Will Machines Ever Become Human?Posted: January 22, 2017 | |
David Gelernter writes: No. Digital computers won’t; and in the world as we know it, they are the only candidate machines.
What does “human” mean? Humans are conscious and intelligent — although it’s curiously easy to imagine one attribute without the other. An intelligent but unconscious being is a “zombie” in science fiction — and to philosophers and technologists too. We can also imagine a conscious non-intelligence. It would experience its environment as a flow of unidentified, meaningless sensations engendering no mental activity beyond mere passive awareness.
Some day, digital computers will almost certainly be intelligent. But they will never be conscious. One day we are likely to face a world full of real zombies and the moral and philosophical problems they pose. I’ll return to these hard questions.
The possibility of intelligent computers has obsessed mankind since Alan Turing first raised it formally in 1950. Turing was vague about consciousness, which he thought unnecessary to machine intelligence. Many others have been vague since. But artificial consciousness is surely as fascinating as artificial intelligence.
Digital computers won’t ever be conscious; they are made of the wrong stuff (as the philosopher John Searle first argued in 1980). A scientist, Searle noted, naturally assumes that consciousness results from the chemical and physical structure of humans and animals — as photosynthesis results from the chemistry of plants. (We assume that animals have a sort of intelligence, a sort of consciousness, to the extent they seem human-like.) You can’t program your laptop to transform carbon dioxide into sugar; computers are made of the wrong stuff for photosynthesis — and for consciousness too.
No serious thinker argues that computers today are conscious. Suppose you tell one computer and one man to imagine a rose and then describe it. You might get two similar descriptions, and be unable to tell which is which. But behind these similar statements, a crucial difference. The man can see and sense an imaginary rose in his mind. The computer can put on a good performance, can describe an imaginary rose in detail — but can’t actually see or sense anything. It has no internal mental world; no consciousness; only a blank.
Bur some thinkers reject the wrong-stuff argument and believe that, once computers and software grow powerful and sophisticated enough, they will be conscious as well as intelligent.
They point to a similarity between neurons, the brain’s basic component, and transistors, the basic component of computers. Both neurons and transistors transform incoming electrical signals to outgoing signals. Now a single neuron by itself is not conscious, not intelligent. But gather lots together in just the right way and you get the brain of a conscious and intelligent human. A single transistor seems likewise unpromising. But gather lots together, hook them up right and you will get consciousness, just as you do with neurons.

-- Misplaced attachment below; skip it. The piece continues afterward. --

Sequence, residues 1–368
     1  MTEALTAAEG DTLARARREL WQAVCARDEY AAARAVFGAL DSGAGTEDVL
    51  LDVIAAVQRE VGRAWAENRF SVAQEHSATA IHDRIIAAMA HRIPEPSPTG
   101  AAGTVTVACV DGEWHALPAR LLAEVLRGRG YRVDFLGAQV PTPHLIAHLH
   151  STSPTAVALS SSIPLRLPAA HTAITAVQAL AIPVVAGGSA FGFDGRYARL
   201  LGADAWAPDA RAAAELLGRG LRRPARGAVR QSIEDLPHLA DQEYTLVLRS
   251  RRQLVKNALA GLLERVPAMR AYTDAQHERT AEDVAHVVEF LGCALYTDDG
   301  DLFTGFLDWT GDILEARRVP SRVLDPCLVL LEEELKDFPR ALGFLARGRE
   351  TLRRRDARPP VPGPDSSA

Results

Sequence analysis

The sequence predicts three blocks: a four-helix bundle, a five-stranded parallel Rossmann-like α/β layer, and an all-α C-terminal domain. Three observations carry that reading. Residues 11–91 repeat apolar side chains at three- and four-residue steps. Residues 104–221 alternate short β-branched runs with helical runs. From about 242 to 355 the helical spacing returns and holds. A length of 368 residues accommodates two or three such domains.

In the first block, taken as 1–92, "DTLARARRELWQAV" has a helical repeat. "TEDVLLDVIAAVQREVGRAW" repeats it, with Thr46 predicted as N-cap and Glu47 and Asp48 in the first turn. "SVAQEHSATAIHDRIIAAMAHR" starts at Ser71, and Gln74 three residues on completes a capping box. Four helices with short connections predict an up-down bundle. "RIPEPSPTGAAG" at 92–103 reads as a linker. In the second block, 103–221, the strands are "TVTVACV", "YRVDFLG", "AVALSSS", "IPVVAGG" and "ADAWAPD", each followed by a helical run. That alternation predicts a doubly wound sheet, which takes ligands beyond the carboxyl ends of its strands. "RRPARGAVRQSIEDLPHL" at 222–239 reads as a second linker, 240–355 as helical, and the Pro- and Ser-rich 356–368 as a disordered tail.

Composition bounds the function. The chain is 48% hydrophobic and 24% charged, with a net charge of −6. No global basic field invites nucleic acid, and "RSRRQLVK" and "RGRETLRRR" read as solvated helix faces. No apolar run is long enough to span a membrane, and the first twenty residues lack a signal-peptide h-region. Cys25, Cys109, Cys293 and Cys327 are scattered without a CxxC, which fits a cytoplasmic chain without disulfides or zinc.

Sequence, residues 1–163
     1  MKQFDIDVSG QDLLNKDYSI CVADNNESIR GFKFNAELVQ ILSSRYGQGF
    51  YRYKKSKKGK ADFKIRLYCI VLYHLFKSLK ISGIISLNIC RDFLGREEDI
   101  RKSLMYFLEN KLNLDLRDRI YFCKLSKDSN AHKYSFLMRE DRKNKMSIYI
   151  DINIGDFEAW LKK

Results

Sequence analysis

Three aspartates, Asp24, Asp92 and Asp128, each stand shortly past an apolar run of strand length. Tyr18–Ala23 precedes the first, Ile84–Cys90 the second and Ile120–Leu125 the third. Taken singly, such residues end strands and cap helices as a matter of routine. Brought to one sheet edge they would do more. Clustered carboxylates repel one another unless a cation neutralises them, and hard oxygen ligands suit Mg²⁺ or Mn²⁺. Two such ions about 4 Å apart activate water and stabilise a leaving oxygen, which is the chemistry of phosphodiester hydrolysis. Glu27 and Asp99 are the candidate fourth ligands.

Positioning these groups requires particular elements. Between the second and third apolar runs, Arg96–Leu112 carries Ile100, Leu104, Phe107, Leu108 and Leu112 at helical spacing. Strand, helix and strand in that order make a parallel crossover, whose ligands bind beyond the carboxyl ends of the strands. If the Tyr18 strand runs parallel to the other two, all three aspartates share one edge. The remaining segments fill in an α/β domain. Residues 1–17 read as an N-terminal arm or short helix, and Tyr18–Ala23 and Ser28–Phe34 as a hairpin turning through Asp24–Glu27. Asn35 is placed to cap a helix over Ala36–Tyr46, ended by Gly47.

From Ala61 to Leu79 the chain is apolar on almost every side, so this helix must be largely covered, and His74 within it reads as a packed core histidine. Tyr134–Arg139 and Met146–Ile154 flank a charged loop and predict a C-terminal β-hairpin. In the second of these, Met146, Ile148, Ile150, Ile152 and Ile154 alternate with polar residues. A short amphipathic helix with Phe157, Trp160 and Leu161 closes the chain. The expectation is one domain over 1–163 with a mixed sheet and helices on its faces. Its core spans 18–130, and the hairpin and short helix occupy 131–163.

But this argument makes no sense. One type of unconscious thing (neurons) can create consciousness in the right kind of ensemble. Why should the same hold for other unconscious things? In every other known case, it does not hold. No ensemble of soda cans or grapefruit rinds is likely to yield consciousness. Yes but transistors, according to this argument, resemble neurons in just the right way; therefore they will act like neurons in creating consciousness. But this “exactly right resemblance” is just an assertion, to be taken on trust. Neurons resemble heart cells more closely than they do transistors, but hearts are not conscious.
In fact, an ensemble of transistors is not even the case we’re discussing; we’re discussing digital computers and software. “Computationalist” philosophers and psychologists and some artificial intelligence researchers believe that digitalcomputers will one day be conscious and intelligent. In fact they go farther and assert that mental processes are in essence computational; they build a philosophical worldview on the idea that mind relates to brain as software relates to computer.
So let’s turn to the digital computer. It is an ensemble of (1) the processor, which executes (2) the software, which (when it is executed) has the effect of changing the data stored in (3) the memory. The memory stores data in numerical form, as binary integers or “bits.” Software can be understood many ways, but in basic terms it is a series of commands to be executed by the processor, each carrying out a simple arithmetic (or related) operation, each intended to accomplish one part of a (potentially complex) transformation of data in the memory.
In other words: by executing software, the processor gradually transforms the memory from an input state to an output or result state — as old-fashioned film was transformed (or developed) from its input state — the exposed film, seemingly blank — to a result state, bearing the image caught by the lens. A digital computer is a memory-transforming machine, where the process of transformation is dictated by the software. We can picture a digital computer as a gigantic blackboard (the memory) ruled into squares, each large enough to hold the symbol 0 or 1, and a robot (the processor) moving blazingly fast over the blackboard, erasing old bits and writing new ones. Such a machine is in essence the “Turing machine” of 1936, which played a fundamental role in the development of theoretical computer science.
So: everyone agrees that today’s computers are not conscious, but some believe that….(read more)
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